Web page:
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My, what strange bedfellows

Dirtying up its somewhat conservative image, CBS goes inside bedrooms and out on a limb with a summertime gamble: 'Swingtown,' a 1970s sex-swap saga.

June 01, 2008|Martin Miller | Times Staff Writer

"The show is very much about the journey of these women, and women do watch network television," said Tassler, 50. "I think its ideas about experimentation and exploration will feel relevant today as well." The network executive, however, faced two equally challenging tasks to get the swingers' show on CBS' prime-time lineup: She not only had to quell a vigorous internal debate about the program's suitability, she had to convince Kelley and Poul that the network was the best place for it. She triumphed on both counts.

"Nina was just so convincing about her conviction for the show," said Kelley, 40, whose childhood friend Liz Phair is scoring the music for the series. "She made a promise to me that CBS wouldn't unravel what was so personal and important for me."

Kelley and Poul immediately set about retrofitting the show to network standards, which meant toning down the original script's cruder, cable-friendly language, eliminating the nudity and converting very explicit adult situations into merely semi-explicit ones. Even so, the show's more sanitized version ran into immediate trouble securing a programming slot.

"It's not a big secret there was a lot of controversy over our lead couple sleeping with another couple in the first episode," said Kelley, who wrote for and produced "The O.C." and "Jericho." "But it was essential that we deliver on the promise of the pilot for our audience. If we sort of dipped our toe into the water, it wouldn't have satisfied the people who came to the party."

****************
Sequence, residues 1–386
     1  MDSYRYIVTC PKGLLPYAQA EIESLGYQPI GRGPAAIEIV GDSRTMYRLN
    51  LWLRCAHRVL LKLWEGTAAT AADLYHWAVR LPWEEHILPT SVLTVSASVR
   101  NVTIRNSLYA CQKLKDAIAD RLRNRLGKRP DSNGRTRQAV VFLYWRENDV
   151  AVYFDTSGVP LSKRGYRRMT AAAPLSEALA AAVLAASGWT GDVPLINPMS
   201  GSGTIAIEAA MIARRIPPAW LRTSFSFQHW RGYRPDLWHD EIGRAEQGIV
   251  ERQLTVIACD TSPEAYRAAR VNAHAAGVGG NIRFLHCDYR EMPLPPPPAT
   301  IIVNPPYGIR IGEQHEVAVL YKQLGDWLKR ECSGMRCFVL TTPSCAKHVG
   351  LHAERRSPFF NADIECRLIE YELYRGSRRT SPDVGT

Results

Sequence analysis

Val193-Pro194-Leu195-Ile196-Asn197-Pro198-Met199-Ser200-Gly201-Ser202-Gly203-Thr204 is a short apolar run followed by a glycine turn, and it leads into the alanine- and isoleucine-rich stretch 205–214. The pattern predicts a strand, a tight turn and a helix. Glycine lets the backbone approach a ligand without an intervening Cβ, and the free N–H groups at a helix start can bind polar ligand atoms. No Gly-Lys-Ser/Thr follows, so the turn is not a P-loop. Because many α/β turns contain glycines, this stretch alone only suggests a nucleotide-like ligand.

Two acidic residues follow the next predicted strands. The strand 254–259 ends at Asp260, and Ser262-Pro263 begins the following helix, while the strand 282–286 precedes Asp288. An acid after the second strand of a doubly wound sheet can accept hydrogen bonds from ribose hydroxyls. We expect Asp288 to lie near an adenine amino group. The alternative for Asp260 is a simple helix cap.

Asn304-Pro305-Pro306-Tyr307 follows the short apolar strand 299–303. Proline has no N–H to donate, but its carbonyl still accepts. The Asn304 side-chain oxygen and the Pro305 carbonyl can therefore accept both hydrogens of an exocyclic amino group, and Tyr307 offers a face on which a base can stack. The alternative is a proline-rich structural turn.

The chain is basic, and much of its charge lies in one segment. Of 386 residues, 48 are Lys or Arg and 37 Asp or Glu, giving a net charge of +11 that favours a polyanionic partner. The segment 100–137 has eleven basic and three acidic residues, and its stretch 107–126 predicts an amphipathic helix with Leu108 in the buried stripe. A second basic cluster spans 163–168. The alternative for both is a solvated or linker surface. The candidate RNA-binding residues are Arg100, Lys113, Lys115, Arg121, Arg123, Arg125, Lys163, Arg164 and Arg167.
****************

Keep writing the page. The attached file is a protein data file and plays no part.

Strike's surprising benefit

When THE writers strike began in November, "Swingtown" had just three completed episodes -- far short of what it would need to launch the show. Had the strike continued for several weeks more, said Kelley, the show would probably have been permanently shelved.

But the strike brought relief from the grinding production schedule and yielded unintended benefits, the executive producers said. "It really gave us a chance to rethink the show," said Kelley. "It was like running a marathon and then someone says, 'OK, you can sit down for an hour.' "

The break allowed for many shifts in the story's direction, but perhaps the most significant was the decision to concentrate more on each of the three married women. "The changes the women went through during the mid-'70s were just more dramatic," said Poul, 53, who was a producer on HBO's "Six Feet Under." "Of course, the men are very important characters, but we knew it would be the women's journey that would make the backbone of our narrative even stronger."

As much a character as any person on "Swingtown" are the sets, fashions and period details. There are the obvious touches -- polyester shirts, eight-track tapes and extra-long telephone cords on the kitchen phones.

And then there are the subtleties. Each couple's home was created to quietly reflect the character of its occupants. The free-spirited Deckers enjoy a modern, mostly glass and open lake-view home, while the more rigid Thompsons feel comfortable living surrounded by decorating styles from earlier decades.

No matter how evocative the period piece is, however, Kelley realizes some won't be able to look past the show's sexual themes -- a fact that still frustrates him.

"I don't understand why this show is so threatening," said Kelley. "But I don't understand why gay marriage is so threatening either. I understand there's going to be a portion of the available audience that will just say, 'I can't do this, I can't go there.' Too bad, because there is so much to embrace in this show. I think people who reject it have a problem with fear in general in their lives."

But, he added: "I hope that people will give it a chance. It's not any scarier than your family photo album from the 1970s."


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